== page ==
Press Statement dated 16th January 2020


The Center to Combat Corruption & Cronyism (C4 Center) thoroughly finds the recent drug-fuelled party in Puchong which involved public officials to secure large government contracts repulsive and abhorrent. We could only imagine how the tax money entrusted from the people is abused.

Pakatan Harapan came into helming the governance of Malaysia in 2018 riding on the ticket filled with 60 promises made, and one of it is Promise 23 – Ensure government procurement produced the best value for taxpayer’s money.

While on the one hand there appears a nudge for a more transparent and accountable public procurement system also espoused in  the 5 year National Anti-Corruption Plan, we are ill at ease to see in practice that its business as usual, and that contracts are still being awarded through lush and luxury temptations, making frail any such effort to keep the commitment stay afloat.


Contracts Attainment and Public Officials

The drug-fuelled party aimed to procure public contracts saw the arrest of all 17 attendees including the Selangor Bersatu Youth Chief and Dengkil assemblyperson, Adhif Syan Abdullah, an assistant to the prime minister’s political secretary and Kau Git Kaur, who was subsequently suspended from his post as the deputy president of the Malaysian Gymnastics Federation (MGF).


On November 25th, 2019, the Youth and Sports Minister Syed Saddiq Abdul Rahman who is also the Youth Chief of Bersatu has vowed to resign from Cabinet if he is proven to have accepted a covert deal to award a tender for Institut Kemahiran Belia Negara (IKBN). The minister had also previously asked the Malaysian Anti-Corruption Commission (MACC) for one of their officers to be based within the ministry. Was that merely done as lip service?

Unfortunately, Syed Saddiq has not provided the much-needed accountability required of a leader in redeeming himself and the ministry.


Procurement Commitments: Promise 23 and NACP Strategy 3

In Malaysia, the government spends more than RM150 billion in procuring goods, works, and services every year. This is equivalent to almost one-fifth of Malaysia’s nominal GDP. Former Auditor General, Tan Sri Ambrin Buang criticised that public procurement as “one of the government activities [that is] most vulnerable to corruption and it is a complex problem which covers a wide range of illegal activities.”


In line with the promise given by Pakatan Harapan, the reformation of the public procurement system and the way contracts are awarded is highly anticipated by the people whereby only open tenders will be considered.

The covert drug-fuelled party is a terrible expose of the dark and complex world of the procurement system practiced by the Barisan Nasional, where criminal activity is commonplace in the bid to secure cushy deals, making politicians and political parties very vulnerable to corruption. It has never been about merit and clean competition, and this is where PH must commit thoroughly to clean up the system, lest become another Barisan National.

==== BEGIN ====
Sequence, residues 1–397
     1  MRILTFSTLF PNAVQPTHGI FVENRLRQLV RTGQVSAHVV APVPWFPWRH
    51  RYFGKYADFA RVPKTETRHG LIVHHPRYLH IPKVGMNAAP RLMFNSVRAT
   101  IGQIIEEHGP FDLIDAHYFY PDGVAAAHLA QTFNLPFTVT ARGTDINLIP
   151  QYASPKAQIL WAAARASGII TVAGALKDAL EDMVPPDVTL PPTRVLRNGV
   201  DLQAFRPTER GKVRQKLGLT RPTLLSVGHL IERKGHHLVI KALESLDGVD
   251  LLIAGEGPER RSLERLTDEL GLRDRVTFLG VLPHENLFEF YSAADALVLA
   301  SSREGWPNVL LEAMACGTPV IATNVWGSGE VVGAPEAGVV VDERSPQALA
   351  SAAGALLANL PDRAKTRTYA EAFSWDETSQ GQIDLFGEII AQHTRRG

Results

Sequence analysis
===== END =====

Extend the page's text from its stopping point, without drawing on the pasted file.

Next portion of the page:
The NACP must be taken seriously, and work must begin conscientiously. It was supposed to be used to do away with political influences in the process and online information about the contract is supposed to be made readily available for check and balance. In the NACP, a comprehensive procurement policy on making the conflict of interest in procurement process available is promised to safeguard public interests and the interests of contracting parties. However, in attendance of the drug-fuelled party the errant public officials have not just demonstrated gross misconduct, this also highlights the lack of open and fair competition and fair dealings in the public procurement process.


C4 has been monitoring Janji Pakatan and the National Anti-Corruption Plan (



  1. C4 demands Minister Syed Saddiq to be fully accountable and transparent with the next steps in incriminating such actions by listing out all the names of the offenders to the public, clear statement on how such covert deals transpired and the further action plans on part of the ministry. If he cannot do so, he himself must do the accountable thing and resign.
  2. C4 emphasizes on the need to have a solid and comprehensive Procurement Law to ensure that the public interests are placed above the rest. What happened to LGE’s promise at budget speech 2019 on strengthening fiscal administration by tabling the Procurement Act?
  3. C4 urges the government to bolster the Whistle blower Act and Protection of Witness Act in order to protect the identity of witnesses and those who exposes wrongdoings in public and private sectors.



Released by:
Cynthia Gabriel (Ms.)
Executive Director, C4 Center